If only my freelance income could add up to enough where I could quit my job. I’d give anything to have a flexible schedule again… I just want to be able to work when I want and take classes when I want. I want to take a painting class and a few web programming / design courses at the community college but they’re only offered in the middle of the afternoon or all morning, which is not possible right now. If my company goes under the first thing I’m going to do is see about building my freelance career again and taking some classes.

Why I’m Glad I’m not a Full Time Freelance Writer

I was reading a post the other day about setting your rates as a freelancer, and it made me ever the more grateful for my current full time employment. As much as I love the freedom of freelancing, negotiating fees is a pain in the ass and something I’m not good at.

Case in point, I obtained a new client by responding to a posting on Craigslist for a blogger. Originally, we agreed on a fee for the blog posts which was a little on the high end for them but what I thought was fair for the amount of work and the going rate for this type of work. Then the marketing guy decided that I would be writing all sorts of content for the company, and that’s when things got messy. I quoted them a rate for some specific types of projects which was obviously higher than they wanted to pay, but they agreed. Or so I thought they agreed.

A month or so later and my main contact has apparently either left the company or doesn’t want to be involved in managing the marketing writing anymore. While there seems to be some recollection of our agreement around the office, no one thinks the work I did should be paid what we agreed on. I asked originally if they’d prefer to pay per hour or per project, and they said per project. The per project fee is designed to include edits, but they chose ultimately not to give me a chance to edit any of the work and instead do all the edits in house. That’s when things got really messy.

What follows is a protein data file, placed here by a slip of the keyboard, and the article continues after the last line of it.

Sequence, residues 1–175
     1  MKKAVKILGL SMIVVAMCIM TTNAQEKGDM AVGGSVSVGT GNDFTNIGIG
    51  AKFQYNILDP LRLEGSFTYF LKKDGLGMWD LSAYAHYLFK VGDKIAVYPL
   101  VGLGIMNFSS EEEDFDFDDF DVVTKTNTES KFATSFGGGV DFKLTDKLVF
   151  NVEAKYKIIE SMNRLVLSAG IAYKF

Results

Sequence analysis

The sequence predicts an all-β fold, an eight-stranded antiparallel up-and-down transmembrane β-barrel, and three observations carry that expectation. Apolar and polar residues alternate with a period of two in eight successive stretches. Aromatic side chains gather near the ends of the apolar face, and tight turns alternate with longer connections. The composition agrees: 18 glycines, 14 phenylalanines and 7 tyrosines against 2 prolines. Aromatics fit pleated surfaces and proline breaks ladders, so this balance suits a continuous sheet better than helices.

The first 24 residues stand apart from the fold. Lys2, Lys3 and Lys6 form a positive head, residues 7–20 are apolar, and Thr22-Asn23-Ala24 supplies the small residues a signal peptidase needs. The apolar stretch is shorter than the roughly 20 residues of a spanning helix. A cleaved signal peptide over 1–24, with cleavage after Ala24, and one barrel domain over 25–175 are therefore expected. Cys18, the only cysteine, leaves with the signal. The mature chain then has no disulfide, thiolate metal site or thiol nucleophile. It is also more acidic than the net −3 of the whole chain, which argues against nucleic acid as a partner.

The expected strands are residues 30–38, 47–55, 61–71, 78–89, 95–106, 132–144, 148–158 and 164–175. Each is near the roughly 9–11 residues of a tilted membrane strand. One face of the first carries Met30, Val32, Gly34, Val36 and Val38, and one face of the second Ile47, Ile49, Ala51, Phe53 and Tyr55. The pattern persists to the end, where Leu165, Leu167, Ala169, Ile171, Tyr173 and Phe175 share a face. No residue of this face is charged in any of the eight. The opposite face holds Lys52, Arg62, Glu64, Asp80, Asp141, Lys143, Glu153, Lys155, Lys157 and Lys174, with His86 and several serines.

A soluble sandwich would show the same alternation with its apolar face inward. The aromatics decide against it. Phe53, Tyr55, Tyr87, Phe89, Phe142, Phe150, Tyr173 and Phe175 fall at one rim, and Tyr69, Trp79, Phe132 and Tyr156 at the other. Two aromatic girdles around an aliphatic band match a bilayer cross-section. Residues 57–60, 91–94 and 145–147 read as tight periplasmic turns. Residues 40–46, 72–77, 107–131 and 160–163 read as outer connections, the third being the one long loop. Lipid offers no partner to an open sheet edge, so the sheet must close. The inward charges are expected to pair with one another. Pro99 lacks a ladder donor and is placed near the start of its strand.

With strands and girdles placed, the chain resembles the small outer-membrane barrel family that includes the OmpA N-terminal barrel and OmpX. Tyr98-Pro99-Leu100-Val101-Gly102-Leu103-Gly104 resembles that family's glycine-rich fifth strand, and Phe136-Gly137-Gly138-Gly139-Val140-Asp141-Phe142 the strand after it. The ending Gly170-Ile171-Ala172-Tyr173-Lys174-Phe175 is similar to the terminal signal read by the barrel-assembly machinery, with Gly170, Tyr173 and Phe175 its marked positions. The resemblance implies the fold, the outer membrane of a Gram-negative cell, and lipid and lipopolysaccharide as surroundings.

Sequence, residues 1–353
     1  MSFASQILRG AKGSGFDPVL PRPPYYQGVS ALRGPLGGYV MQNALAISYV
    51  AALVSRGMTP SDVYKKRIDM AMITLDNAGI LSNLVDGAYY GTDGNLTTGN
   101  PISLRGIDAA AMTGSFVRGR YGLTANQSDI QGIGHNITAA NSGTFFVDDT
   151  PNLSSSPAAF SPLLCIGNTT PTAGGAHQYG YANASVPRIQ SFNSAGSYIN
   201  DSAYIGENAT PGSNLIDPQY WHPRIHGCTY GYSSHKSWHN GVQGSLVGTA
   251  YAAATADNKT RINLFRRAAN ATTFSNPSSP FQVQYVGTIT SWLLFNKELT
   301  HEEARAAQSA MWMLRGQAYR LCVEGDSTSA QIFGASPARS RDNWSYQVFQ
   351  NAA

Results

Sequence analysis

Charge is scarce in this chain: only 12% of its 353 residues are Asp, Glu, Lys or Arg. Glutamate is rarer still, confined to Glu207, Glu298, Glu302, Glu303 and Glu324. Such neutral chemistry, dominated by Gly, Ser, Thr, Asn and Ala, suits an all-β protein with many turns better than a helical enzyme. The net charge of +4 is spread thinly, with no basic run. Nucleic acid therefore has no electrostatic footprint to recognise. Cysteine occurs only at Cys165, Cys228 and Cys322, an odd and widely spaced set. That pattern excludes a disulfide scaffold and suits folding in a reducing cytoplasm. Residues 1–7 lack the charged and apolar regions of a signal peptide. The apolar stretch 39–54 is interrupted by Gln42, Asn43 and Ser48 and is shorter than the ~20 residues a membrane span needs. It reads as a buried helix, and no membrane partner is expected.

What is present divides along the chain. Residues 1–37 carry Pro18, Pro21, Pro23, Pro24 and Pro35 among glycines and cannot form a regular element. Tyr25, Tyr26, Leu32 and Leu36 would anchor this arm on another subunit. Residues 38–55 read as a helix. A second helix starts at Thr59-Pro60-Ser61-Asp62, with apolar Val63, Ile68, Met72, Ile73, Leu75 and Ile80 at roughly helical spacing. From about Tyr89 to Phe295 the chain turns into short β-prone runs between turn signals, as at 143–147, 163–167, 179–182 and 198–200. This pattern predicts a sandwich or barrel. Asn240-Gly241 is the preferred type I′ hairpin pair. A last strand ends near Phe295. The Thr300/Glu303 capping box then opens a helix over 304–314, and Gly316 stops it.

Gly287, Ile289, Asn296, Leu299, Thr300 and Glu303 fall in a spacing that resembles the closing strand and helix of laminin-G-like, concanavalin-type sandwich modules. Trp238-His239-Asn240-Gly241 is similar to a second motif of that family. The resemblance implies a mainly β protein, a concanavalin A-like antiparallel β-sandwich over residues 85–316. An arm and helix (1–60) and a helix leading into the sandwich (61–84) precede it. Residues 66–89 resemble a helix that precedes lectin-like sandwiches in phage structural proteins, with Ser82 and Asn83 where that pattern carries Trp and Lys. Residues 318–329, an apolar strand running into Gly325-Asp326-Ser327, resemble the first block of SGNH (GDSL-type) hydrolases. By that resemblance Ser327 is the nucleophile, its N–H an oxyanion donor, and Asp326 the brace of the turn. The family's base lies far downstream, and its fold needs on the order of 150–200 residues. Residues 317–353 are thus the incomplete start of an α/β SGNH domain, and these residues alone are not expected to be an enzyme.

I wasn’t sure what to do in that situation. Do I offer a lower rate because they chose to do all the edits in house without sending the work back to me with feedback? Maybe I should have, but it seems like regardless of what I quoted them they would have been upset, and convinced themselves that I did little work on the assignment and basically they shouldn’t have to pay me much of anything.

On top of that, I was assigned blog posts that were structured a certain way and rather short. Again, I was going to offer a lower fee, but had I offered a lower fee for these posts they would have probably come back and asked for even lower than that. So I put the posts on the invoice as full blog posts. Honestly, I think this is fair because some blog posts are longer and others are shorter – and that is what happens when you pay per post instead of based on length (word count) or hourly.

Within a month the contact I had at the company handed me off to another woman (who seems to be much better at advocating for my cause, though she is in a tough spot because she also writes for the company and is undoubtedly getting paid less than I would be on an hourly rate, even though after you look at insurance and self employment taxes perhaps her rate is closer to mine than she thinks). She is working with me and now assigning me blog posts and I think a lot of the drama has passed. I dislike that the company now thinks I charge too much for my work, but I personally think I don’t charge that much for a for-profit company and for marketing and PR writing. If I were a full-time freelance writer, I’d need to charge that much to get by. Luckily I’m not one anymore, which makes it easier to step back and say, ok, I’ll take $400 less than you’d owe me if you paid what I thought we had agreed on. I’m glad I have the luxury to accept that with only a tiny bit of bitterness and be done with it. I won’t be writing anything other than blog posts for the company, and this is best because we all agree on how much I’m owed per post. Everything else was getting too confusing and uncomfortable on both of our ends.

I’m also compromising because otherwise I wouldn’t get paid, or I wouldn’t have the opportunity to keep doing work for them. It still pays fairly well and it’s a nice side income stream. It’s worth compromising here, but makes me more hesitant than ever to go back to full time freelancing.

Freelance Side Jobs: Am I in Over My Head?